Coursera. How I Love Thee.

I’ve previously written about my experiences with Khan Academy and Udacity over on Magic Travel Blog. Today I’m going to talk about Coursera.


The next chapter in my tour of free online courses was “An Introduction To Interactive Programming In Python” followed by “Calculus One” on Coursera’s courses are provided by a large coalition of universities. The Python programming course is provided by Rice University. The Calculus course is provided by Ohio State University.

Just looking at Coursera, how it looks, the page layout is noticeably clean and well laid out. Your name appears in the top right of the screen. Clicking on it expands a drop down that contains everything not directly related to the course you’re currently in. Prior to expanding that drop down, 100% of the screen is devoted to the current course. The end result is very uncluttered and free of distractions. It’s really hard to get lost.

The course format for Python Programming is to watch video lectures, do 1 or more quizzes interleaved between the videos, then do a weekly mini-project. Calculus One has a similar weekly cycle made up of videos, free pdf textbook chapters to read, rounded out by an end of week quiz. Periodically the end of week quiz is replaced by a larger exam.

The video lectures are all very professionally put together. They’re not as fancy as the videos on which feature lots of animation and a presenter who apparently travelled around Europe visiting locations relevant to the topic. They are however watchable and informative. The presenters are charismatic and enthusiastic about the material they’re teaching.

The quizzes and exams in the Calculus course are all automatically marked as you would expect with a course of this size. The grading of the mini-projects in the Python programming course is more involved. There are apparently around 50,000 students in the course. Far too many for the staff at Rice University to deal with and computer programs often do not lend themselves to automatic marking.

To deal with the volume of student projects they’ve opted for peer assessment. After everyone has handed in their assignment each student marks 5 other people’s projects using the grading rubric provided. No doubt there will be tuning required and problem cases to deal with however the experience of assessing your peers is almost as informative as completing the project yourself.

The feedback I received was often surprisingly thorough. Looking back on my time attending a bricks and mortar university I suspect the feedback provided by my peers during this course may have be more useful than the scrawled feedback I frequently received from overworked tutors plowing through great piles of assignments.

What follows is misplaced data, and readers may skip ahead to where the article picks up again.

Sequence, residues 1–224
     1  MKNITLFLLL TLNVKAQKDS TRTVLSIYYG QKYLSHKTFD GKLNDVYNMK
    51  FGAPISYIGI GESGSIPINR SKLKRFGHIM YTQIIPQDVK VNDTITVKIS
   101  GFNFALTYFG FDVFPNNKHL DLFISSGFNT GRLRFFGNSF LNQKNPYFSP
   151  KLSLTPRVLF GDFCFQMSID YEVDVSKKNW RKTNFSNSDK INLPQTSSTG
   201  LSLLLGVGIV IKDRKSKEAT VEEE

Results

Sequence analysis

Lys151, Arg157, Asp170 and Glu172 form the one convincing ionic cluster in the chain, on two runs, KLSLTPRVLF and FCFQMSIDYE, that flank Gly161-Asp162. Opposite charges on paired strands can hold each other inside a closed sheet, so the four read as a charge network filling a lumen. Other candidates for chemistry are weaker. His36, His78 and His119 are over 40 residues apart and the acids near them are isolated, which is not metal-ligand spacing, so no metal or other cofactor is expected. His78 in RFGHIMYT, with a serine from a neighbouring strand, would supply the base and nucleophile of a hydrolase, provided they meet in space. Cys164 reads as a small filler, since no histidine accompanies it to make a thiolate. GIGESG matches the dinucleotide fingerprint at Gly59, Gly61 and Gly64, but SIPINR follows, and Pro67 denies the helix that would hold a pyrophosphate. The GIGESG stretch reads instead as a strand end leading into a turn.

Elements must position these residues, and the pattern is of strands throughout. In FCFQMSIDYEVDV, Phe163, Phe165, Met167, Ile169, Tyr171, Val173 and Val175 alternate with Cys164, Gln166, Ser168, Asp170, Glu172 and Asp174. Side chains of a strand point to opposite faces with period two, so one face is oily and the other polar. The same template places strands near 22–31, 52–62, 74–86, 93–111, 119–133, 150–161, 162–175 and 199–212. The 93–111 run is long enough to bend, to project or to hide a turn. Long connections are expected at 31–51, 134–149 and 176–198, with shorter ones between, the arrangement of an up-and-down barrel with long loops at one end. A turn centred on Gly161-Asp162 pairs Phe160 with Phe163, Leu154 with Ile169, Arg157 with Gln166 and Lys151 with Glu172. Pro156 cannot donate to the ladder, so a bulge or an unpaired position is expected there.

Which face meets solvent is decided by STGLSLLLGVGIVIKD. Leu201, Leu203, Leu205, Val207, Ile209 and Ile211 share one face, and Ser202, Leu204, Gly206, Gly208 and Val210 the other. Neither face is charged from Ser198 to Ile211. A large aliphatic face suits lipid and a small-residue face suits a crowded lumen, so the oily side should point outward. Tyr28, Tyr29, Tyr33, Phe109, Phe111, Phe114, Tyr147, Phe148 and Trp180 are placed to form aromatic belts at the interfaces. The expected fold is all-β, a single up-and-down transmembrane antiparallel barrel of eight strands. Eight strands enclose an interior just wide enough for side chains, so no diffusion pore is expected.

It’s worth noting how much software has been produced specifically for these courses.

An Introduction To Interactive Programming In Python

All programming for the mini-projects is done in a tool called Code Skulptor. It means you can do everything in your browser with no need to install any software. Very handy for a course populated with students running every kind of computer imaginable.

Code Skulptor was apparently built by one of the gentlemen running the course specifically for the course. It’s a very nice tool that allows you to write, run, save and share your Python code. It even has a simple versioning system built in.

Interestly Code Skulptor has no Internet Explorer (IE) support. A flat ban on IE is a bold move although admittedly it’s one with the general feeling of many computer science types. The requirement to use a non-IE browser will certainly be far more easily accepted in the computer science department than it might be elsewhere. Note that this browser restriction only affects this particular course as it is heavily reliant on Code Skulptor. Coursera itself has no such limitation.

Calculus One

The quizzes and exams are, I believe, being run on software borrowed from Khan Academy. Calculus One’s demand for large equations is evidently exceeding anything required by Khan Academy itself. Inputting complex equations is particularly painful and error prone although the process is evolving rapidly. They’re working hard on this and, at the pace the system is evolving, hopefully we can soon say goodbye to messages like this…

You can enter this as (((-( (((csc (((e)^((((-( ((3 * x)))) + 1)))))))^(2)))) * ((e)^((((-( ((3 * x)))) + 1)))) * -3))


Despite encountering some teething problems my experience with Coursera has been overwhelming positive. It’s amazing how smoothly it all works given the newness of it all. I’m learning a lot and having a great time doing it. So are hundreds of thousands of people all over the world.

If you haven’t yet done a course on Coursera go and enrol right now. Seriously. Do it now.